When you leave inpatient treatment, all of the old temptations, triggers and frustrations are out there waiting for you. If you haven’t had a chance to build a safety net to fall into after you leave treatment, you could find yourself relapsing, very quickly. Without the additional time, support, encouragement, and resources you need to build your safety net, and the chance to find your footing as a newly sober person, it can be much too easy to give up and return to all of your old unhealthy coping mechanisms.

How Does An Intensive Outpatient Program Work?

When you’re in outpatient treatment, you take part in treatment sessions at the outpatient facility, but you do not live there. Intensive Outpatient Programs tend to offer sessions several times a week that may last several hours per day. (Regular Outpatient programs may only have sessions once or twice a week.) Sessions are typically offered in the daytime and evening to accommodate work, school, or family schedules.The length of the program can vary, depending on your needs and your therapist’s or treatment team’s recommendations. Some people participate in an IOP for a few weeks, and some go up to a year. Many programs also provide additional services on top of the group therapy and counseling sessions.

For example, The Meadows Outpatient Center treatment program offers group therapy four days per week, three hours per day, for eight weeks. In addition to group therapy, clients attend individual therapy sessions with our Master’s level and licensed clinicians, and may be treated through of a combination of therapeutic methods, such as Cognitive Behavioral Therapy (CBT), Somatic Experiencing (SE), and Eye Movement Desensitization and Reprocessing (EMDR). And, we have a Meadows psychiatrist available on-site for weekly medication management and psychiatric evaluations as needed.

We also offer clients the latest Neurofeedback techniques led by our Master’s level, licensed trauma therapist in our Brain Spa. The Brain Spa also has a dedicated meditation room with recliners, soft lighting, and music. Trauma Sensitive Yoga, art therapy, and family participation are also integrated into our IOP, to round out our holistic approach to healing the mind, body, and spirit.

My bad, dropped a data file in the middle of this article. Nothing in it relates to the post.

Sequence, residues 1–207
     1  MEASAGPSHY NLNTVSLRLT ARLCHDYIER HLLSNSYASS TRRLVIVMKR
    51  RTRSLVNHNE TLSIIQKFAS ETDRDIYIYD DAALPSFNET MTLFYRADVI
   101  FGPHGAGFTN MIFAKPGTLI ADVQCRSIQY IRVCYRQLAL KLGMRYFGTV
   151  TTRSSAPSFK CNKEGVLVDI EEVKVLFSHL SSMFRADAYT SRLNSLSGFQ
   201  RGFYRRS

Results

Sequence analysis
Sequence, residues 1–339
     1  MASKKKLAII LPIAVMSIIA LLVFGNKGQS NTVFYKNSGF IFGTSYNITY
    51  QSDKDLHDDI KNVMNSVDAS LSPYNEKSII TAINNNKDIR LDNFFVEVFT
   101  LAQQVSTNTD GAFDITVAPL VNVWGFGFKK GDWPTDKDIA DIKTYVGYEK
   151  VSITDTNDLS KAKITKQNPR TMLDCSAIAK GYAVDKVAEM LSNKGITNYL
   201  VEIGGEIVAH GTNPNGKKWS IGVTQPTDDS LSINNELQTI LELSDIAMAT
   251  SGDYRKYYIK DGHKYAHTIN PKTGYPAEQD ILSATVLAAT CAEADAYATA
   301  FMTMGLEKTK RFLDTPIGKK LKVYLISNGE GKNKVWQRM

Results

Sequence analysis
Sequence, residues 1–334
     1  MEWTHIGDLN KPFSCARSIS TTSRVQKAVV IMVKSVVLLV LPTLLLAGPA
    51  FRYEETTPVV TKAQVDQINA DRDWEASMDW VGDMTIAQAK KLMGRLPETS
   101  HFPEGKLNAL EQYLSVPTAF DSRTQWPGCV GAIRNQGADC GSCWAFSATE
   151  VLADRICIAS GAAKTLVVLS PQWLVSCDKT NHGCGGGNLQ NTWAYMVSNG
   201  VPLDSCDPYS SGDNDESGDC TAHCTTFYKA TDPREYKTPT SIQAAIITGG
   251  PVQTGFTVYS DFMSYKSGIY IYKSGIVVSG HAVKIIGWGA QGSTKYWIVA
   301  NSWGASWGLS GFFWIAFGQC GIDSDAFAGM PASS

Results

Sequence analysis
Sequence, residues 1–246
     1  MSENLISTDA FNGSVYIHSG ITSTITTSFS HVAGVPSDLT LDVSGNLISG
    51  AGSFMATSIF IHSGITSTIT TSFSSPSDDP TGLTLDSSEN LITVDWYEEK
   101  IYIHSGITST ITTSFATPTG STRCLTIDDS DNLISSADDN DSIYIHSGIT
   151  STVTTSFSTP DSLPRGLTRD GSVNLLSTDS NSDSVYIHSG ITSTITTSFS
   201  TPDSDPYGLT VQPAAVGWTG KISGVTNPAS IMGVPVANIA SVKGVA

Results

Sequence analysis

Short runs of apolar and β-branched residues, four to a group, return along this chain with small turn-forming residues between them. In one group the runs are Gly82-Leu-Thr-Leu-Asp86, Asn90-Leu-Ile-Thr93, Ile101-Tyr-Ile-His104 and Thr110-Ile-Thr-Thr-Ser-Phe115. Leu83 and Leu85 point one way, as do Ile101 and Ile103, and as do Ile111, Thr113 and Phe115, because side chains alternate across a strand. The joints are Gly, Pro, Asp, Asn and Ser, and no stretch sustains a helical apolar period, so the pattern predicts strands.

Enroll in The Meadows IOP

Enrolling in an Intensive Outpatient Program may the key to making sure you stay on the path to recovery. At the Meadows IOP, you’ll find a beautiful and peaceful desert setting, a safe place to go, and the support you need to stay sober. You’ll also find a friendly and very knowledgeable staff, and community of supportive peers who can help lift you up when the going gets tough.If you’re looking for a group of people who can help you through your next stage of recovery, give one of our specialists a call at 800-244-4949. They’d be happy to answer any questions you may have about Intensive Outpatient treatment and our program.

 

Get in the Recovery Zone

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By Aleah Johnson, Alumni Coordinator at The Meadows

It’s hard to believe we are already halfway through summer! This time of year can be a glorious one for some and stressful one for others. Many people have kids who are out of school, family trips and vacations, and longer days with an abundance of activities to take part in.

With the heating up of temperatures and the heating up of schedules, we must make the time to take extra care of our bodies, our minds, and our spirits. This is especially true for people in recovery.

The Recovery Zones

At The Meadows, we encourage working the process of recovery zones. You may find yourself sliding in out of each of these zones throughout your recovery, and that’s okay! Anytime you feel that you are getting off track, take the time to assess and re-enter any of the zones.

Recovery Zone

Stay in the Zone!

Recovery has its challenges, but so does everyday life – life is in session and we all know that some days get ahead of us. Sometimes, “trust the process” is easier said than done. However, we must not let that skew our recovery. Don’t let one day throw you off track. It is important for us to stick to this path and stick to the journey.

Do what you can do to live a long and healthy life; this will help not only you, but also others in recovery. We have all spent too many past years being active in our lives but not actually living it with purpose; you are worthy of a life you love.

The Impact of Childhood Sexual Abuse on Adult Sexuality

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By Cassandra Rustvold, LMSW, MEd, Trauma Therapist at Gentle Path at the MeadowsChildhood sexual abuse (CSA) has the potential to transform the trajectory of one’s life in a multitude of ways. While the effects of childhood sexual abuse are largely individualized and can manifest at different points throughout the lifespan, commonly reported symptoms and long-term effects include dissociation, depression, anxiety, eating disorders, self-harm, relationship difficulties, and addictive or compulsive patterns of behavior (Aaron, 2012).